Mike Hooligan made a surprise trip last week to the gates of the eternal retirement community. He was met by St. Peter,
who asked in a dialect easy on Mike’s ears, “Aren’t you here early, me lad?”
“Sure’n it be true,” Mike said. “I be looking at the real estate development opportunities, if ye not mind.”
“Ah, real estate,” St. Peter bemoaned. “Not much activity there in these hard times, laddie.”
“So I be hearing,” Mike said, “but the speaker of the Indiana House has proposed repairing bridges in the state to stimulate the economy.”
“I not be hearing that,” St. Peter replied. “Most of the news from the Indiana General Assembly is reported down below, not up here.”
“Yet ’tis true,” Mike said. “The idea is to put Hoosiers to work while making needed investments in our state.”
“A noble thought,” St. Peter said. “Yet be there much excess capacity in the Indiana road construction industry? Will the contracts go to firms with workers in other states or drive up the bids for highway projects?”
“Now that be a subtlety new to me,” Mike said. “Sure’n I be wondering about these stimulus programs for some time now. Are they not just recycling the people’s money?”
“Ah,” St. Peter exclaimed, “and I be thinking you had studied economics at Notre Dame, or were you focused on theological conundrums during those classes?
“The federal stimulus programs are based largely on borrowing, not on taxation.”
“And that puts us at risk that foreigners will dump our debt, causing a total collapse of the U.S. economy,” Mike offered.
“The risk is small,” St. Peter said. “Foreign governments, banks and individuals own 29 percent of the total U.S. government debt, laddie. What do they gain by selling off so that the value of their investment falls? All that blather about dumping is nothing more than scare talk.”
“But our debt must surely be repaid?” Mike asserted.
“Oh, really now?” St. Peter asked. “And what gives you that idea, me boy-o? The debt of the U.S. government is highly desired because of ‘liquidity,’ which may not mean what you think it means.”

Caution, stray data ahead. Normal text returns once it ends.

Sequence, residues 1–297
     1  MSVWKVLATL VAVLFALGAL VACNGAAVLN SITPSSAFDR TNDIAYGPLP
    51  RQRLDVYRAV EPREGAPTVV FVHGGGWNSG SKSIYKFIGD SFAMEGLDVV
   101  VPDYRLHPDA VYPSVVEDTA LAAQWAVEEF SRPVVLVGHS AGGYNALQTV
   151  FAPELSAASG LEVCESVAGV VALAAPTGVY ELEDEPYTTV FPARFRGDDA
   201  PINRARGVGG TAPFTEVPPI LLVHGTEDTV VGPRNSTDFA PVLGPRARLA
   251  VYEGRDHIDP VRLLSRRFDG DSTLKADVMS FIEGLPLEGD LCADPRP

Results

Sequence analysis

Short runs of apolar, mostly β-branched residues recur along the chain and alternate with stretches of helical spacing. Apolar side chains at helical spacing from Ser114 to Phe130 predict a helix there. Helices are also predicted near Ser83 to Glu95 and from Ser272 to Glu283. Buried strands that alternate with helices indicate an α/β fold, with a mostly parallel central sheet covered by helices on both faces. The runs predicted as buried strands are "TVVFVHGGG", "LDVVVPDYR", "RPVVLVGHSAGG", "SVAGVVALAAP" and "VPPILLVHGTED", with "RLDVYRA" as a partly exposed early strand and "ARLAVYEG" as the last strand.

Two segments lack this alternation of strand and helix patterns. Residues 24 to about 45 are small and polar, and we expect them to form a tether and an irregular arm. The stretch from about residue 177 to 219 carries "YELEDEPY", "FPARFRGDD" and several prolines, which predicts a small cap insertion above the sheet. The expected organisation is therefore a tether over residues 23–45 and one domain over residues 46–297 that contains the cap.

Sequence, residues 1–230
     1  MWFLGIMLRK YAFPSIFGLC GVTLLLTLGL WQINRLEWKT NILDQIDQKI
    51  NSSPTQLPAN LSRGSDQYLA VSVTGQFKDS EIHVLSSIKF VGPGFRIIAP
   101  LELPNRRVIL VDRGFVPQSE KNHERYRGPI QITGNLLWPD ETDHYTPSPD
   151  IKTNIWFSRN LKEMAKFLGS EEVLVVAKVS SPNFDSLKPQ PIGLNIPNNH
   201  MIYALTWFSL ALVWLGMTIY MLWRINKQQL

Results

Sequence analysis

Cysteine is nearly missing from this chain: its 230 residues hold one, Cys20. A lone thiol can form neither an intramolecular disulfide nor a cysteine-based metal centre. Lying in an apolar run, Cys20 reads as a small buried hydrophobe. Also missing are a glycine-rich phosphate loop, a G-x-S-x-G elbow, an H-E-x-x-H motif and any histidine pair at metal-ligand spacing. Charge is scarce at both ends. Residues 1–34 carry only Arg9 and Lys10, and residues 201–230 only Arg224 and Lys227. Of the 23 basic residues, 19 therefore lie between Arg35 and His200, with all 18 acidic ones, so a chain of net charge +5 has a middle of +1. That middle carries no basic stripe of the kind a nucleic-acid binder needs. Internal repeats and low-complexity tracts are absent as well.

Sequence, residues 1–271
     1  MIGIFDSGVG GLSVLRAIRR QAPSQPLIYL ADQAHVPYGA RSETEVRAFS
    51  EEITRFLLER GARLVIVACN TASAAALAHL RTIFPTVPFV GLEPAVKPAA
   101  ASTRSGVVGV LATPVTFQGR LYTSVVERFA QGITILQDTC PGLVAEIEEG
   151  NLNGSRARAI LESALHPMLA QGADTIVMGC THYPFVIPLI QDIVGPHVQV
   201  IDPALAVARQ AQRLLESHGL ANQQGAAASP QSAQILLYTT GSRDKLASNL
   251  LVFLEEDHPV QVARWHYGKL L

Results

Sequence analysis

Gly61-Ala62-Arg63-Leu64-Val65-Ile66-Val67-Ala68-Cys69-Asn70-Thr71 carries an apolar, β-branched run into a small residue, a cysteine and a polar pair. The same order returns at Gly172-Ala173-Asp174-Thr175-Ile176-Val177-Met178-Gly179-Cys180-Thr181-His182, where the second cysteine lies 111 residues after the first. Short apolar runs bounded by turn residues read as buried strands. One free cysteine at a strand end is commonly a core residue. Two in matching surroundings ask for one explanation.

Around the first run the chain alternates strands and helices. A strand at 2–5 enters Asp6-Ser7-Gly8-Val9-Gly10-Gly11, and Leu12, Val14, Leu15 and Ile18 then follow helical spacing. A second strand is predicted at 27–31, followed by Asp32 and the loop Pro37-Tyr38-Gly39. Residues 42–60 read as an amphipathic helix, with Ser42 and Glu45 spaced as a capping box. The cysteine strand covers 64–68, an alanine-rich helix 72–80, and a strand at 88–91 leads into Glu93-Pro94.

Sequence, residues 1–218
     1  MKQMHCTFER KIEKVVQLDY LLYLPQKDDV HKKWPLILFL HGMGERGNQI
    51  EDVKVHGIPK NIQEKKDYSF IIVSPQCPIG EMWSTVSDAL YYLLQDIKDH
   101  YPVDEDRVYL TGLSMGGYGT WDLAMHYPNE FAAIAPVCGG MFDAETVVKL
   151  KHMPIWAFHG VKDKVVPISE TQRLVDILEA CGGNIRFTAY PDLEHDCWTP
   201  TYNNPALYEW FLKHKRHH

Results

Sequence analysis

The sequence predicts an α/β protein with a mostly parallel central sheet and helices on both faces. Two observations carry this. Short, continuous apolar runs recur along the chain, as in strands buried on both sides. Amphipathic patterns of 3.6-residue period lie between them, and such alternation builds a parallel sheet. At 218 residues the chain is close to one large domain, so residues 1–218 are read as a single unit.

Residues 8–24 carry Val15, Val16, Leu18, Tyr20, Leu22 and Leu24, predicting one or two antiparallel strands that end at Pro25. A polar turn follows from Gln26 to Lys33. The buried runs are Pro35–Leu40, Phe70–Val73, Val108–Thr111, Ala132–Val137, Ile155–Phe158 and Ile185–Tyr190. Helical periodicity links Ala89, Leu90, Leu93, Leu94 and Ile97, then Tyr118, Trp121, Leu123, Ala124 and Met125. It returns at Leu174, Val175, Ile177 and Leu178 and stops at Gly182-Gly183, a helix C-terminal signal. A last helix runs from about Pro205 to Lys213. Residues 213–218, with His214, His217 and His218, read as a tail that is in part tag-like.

“I know well about liquidity,” Mike replied. “It’s about how easily you can sell what you own. Houses, now there’re assets that be hard to sell quickly and are classified as illiquid. But stocks and bonds are generally easy to sell, so they be called liquid.”
“Right you are, sonny,” St. Peter said, “and U.S. government debt is among the most liquid of all assets. Thus, as the world’s economy grows, or as world anxiety increases, so, too, does the demand for U.S. debt, which keeps its interest rates low and not much of a burden on the taxpayers. Although all that might change in time.”
“But this stimulus spending should be going to households, to families,” Mike said.
“What would families be spending on?” St. Peter chuckled. “The unemployed and hard-pressed might be paying for necessities, but most households are not truly suffering these days. Most families would be taking the money and buying high-definition TVs made in China, clothing from Sri Lanka, wines from Chile and vacations in Spain. If we could be assured that consumers would be spending on beauty parlors, barbershops, dental implants and plastic surgery, giving them money would keep those dollars in the United States.”
“And if I might be asking,” Mike said, “how would you be having money spent?”
“Now that’s something you’ve read before,” the venerable one answered. “Hire the literate unemployed and teach them to tutor illiterate youth and workers.”
That thought was somewhat familiar to Mike, and its simplicity meant it was unlikely to happen. This made him uneasy, finally bringing him fully awake.•
Marcus taught economics for more than 30 years at Indiana University and is the former director of IU’s Business Research Center. His column appears weekly. He can be reached at firstname.lastname@example.org.